April 30, 2020
These days, a collaboration agreement out of the ordinary is signed virtually by partners from both sides of the Earth. The collaboration is centred around the exchange of knowledge on climate adaptation, sustainability, education – and the construction of a Climatorium in New Zealand based on the Central Denmark Region model.
The agreement takes its starting point in the Climatorium in Lemvig Municipality, which is a part of the large EU climate project, Coast to Coast Climate Challenge (C2C CC) headed by Central Denmark Region. In C2C CC, the region, the municipalities, private partners as well as educational and knowledge institutions collaborate on climate adaptation.
Visualization of Climatorium which is under construction in Lemvig in Western Jutland. Now a copy of the climate beacon will be build in New Zealand.
Klimatorium, der er ved at blive bygget i Lemvig. Nu skal der bygges et tilsvarende på New Zealand.
New Zealand is facing many of the same climate challenges as Denmark such as increasing seawater levels, changes in rainfall and temperatures. In 2017, a delegation from New Zealand visited Denmark and heard about the Climatorium, which is currently being constructed. During the visit, a plan was formed to make a similar Climatorium in New Zealand to enable a broader collaboration on climate issues and sustainability.
- The agreement with New Zealand is an example of how the world looks to Central Denmark Region when it comes to climate adaptation. At the same time, we are very interested in exchanging knowledge with New Zealand because we can learn a lot from each other concerning the climate, circular economy and sustainability. This collaboration may potentially increase our knowledge in our effort to make the healthcare system sustainable as we know they in New Zealand have worked strategically with sustainability and waste for many years. In the climate area, a collaboration can spread the climate solutions from Central Denmark Region to the benefit of the educational area, companies and businesses in Central Denmark Region, says Chairman of Central Denmark Region Anders Kühnau.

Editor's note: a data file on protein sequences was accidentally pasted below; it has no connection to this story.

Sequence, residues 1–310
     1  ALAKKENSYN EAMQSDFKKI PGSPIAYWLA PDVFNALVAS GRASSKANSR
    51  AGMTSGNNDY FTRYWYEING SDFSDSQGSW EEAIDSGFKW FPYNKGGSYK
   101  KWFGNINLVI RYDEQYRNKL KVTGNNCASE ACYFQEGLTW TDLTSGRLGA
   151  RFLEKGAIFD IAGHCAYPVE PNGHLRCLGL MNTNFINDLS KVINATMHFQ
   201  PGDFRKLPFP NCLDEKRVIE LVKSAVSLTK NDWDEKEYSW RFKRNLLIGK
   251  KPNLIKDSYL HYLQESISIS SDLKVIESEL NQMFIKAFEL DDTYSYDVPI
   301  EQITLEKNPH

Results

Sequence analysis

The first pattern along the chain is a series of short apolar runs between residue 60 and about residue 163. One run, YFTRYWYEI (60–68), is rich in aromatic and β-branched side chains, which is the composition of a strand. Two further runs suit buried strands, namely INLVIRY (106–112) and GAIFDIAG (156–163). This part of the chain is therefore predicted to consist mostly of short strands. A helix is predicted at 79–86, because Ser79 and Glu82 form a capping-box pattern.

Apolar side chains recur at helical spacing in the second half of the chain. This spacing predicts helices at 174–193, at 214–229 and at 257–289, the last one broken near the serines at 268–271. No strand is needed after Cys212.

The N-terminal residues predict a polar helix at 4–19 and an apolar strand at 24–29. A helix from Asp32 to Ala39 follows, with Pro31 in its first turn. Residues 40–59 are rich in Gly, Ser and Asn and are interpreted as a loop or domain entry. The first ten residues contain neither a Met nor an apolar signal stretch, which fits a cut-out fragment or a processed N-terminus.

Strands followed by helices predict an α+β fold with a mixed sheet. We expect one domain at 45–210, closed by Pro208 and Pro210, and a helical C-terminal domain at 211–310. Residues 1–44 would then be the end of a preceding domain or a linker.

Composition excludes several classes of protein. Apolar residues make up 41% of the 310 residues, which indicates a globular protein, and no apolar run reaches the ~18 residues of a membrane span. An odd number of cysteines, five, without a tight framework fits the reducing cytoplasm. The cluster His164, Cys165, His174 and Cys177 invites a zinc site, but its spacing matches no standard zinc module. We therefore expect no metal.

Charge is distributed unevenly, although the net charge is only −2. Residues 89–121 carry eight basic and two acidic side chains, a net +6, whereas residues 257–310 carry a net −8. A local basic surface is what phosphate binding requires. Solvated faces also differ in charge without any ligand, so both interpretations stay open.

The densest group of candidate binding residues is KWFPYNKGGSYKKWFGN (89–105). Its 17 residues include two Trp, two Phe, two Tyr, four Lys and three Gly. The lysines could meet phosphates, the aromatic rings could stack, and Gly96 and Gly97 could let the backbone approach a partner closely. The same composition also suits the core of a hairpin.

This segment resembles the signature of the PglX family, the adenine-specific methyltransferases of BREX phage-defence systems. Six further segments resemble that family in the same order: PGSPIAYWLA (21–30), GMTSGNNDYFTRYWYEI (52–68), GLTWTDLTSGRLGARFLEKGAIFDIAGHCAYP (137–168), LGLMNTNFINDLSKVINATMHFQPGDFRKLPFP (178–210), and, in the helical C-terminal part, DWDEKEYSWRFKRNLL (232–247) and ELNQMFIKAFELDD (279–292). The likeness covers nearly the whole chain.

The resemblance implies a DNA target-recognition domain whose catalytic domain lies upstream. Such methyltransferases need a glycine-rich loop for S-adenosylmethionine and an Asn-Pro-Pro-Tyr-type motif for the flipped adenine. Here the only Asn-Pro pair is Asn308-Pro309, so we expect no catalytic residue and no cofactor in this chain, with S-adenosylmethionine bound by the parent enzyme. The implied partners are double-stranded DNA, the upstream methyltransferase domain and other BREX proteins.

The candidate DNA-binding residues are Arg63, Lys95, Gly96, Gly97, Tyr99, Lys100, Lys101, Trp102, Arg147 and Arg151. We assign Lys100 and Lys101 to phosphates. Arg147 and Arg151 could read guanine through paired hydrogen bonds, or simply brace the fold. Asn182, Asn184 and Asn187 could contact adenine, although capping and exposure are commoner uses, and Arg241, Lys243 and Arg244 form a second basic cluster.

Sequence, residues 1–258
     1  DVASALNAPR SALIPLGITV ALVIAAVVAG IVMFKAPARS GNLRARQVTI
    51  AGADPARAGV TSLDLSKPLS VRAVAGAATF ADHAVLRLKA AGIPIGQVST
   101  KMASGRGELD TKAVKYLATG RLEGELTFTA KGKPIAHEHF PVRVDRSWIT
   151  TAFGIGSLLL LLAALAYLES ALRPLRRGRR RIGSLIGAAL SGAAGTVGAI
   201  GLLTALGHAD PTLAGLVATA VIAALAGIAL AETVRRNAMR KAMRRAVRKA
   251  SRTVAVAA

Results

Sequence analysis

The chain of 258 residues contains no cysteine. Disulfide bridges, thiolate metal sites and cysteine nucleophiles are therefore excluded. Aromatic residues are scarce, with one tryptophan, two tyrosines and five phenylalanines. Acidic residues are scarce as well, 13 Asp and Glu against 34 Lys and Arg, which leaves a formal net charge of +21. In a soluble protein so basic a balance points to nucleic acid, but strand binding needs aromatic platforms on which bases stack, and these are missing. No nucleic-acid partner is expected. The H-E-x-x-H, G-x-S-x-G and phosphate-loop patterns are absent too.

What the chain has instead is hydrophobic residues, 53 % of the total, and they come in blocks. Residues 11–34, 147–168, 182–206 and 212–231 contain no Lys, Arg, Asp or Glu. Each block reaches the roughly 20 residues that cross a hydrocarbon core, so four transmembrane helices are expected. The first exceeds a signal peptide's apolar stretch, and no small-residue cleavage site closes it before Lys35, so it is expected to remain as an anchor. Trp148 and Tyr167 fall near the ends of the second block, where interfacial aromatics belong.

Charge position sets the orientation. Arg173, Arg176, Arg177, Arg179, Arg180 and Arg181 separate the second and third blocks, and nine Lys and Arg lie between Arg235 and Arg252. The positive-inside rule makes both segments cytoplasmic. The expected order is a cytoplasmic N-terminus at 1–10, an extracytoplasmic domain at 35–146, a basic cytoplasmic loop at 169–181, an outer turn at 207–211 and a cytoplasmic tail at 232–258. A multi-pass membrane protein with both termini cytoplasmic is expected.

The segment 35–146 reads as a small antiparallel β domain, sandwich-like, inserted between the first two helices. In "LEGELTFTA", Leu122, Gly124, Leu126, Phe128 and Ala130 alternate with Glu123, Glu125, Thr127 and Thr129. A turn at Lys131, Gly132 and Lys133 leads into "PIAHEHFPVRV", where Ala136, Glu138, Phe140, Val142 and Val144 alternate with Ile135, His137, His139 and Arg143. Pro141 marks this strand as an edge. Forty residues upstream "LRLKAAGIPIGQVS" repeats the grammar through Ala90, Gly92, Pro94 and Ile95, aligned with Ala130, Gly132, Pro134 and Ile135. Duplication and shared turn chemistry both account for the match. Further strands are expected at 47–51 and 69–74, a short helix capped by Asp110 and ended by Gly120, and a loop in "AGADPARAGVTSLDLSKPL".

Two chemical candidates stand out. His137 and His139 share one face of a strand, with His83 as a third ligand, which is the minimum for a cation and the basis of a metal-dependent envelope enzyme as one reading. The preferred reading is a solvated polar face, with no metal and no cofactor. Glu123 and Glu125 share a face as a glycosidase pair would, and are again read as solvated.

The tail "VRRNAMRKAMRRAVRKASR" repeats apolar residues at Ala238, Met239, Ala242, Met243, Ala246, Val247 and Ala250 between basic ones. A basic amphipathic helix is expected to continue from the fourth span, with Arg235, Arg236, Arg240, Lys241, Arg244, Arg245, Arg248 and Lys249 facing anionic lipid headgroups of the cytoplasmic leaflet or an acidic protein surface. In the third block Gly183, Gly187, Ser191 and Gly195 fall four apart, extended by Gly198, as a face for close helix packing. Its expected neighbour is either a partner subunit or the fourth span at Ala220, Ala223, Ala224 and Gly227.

Knowledge exchange across the Earth
Central Denmark Region and the other Danish partners hope the agreement will promote new ways of collaborating internationally. In addition to building a Climatorium in Nelson city in New Zealand, two other areas have been identified where collaboration may contribute positively to the goals of the partners – including the UN Sustainable Development Goals.
New Zealand has extensive experience in waste management at hospitals due to a national focus on the separation of waste and new materials at hospitals; this has been ongoing for much longer than in Denmark. On the other hand, Central Denmark Region and the Climatorium have knowledge on sustainability and climate adaptation in construction and energy renovation as well as on climate adaptation and how to collaborate on climate solutions.
Goals for the collaboration
The partners share the following goals:
- To create a collaboration that identifies initiatives and activities which are in accordance with the ambitions and goals of the partners. This includes collaboration on specific problems such a promoting less consumption, increasing recycling and reuse in the healthcare system
- To get a better understanding of the climate challenges, possibilities and initiatives in Te Tauihu (at the top of the South island of New Zealand), Lemvig Municipality and Central Denmark Region
- To obtain a better understanding of the quadruple helix model, in which different levels of research and educational institutions collaborate with private and public partners to find innovative solutions to common challenges. The climate challenge is a good example of such a challenge, which should be solved in partnerships locally, regionally, nationally and globally
- To explore identified climate challenges or related projects, which mutually benefit and support the goals and ambitions of the partners.
Furthermore, the ambition of Central Denmark Region is to find out if it is possible to collaborate concerning knowledge of sustainable hospitals. New Zealand has extensive experiences in the sorting of waste at hospitals.
Consequently, they have focused on sorting of waste and new materials at hospitals for much longer than Denmark. In 2012, New Zealand had its first sustainability consultants at the hospitals; this is currently being implemented at all hospitals in Central Denmark Region.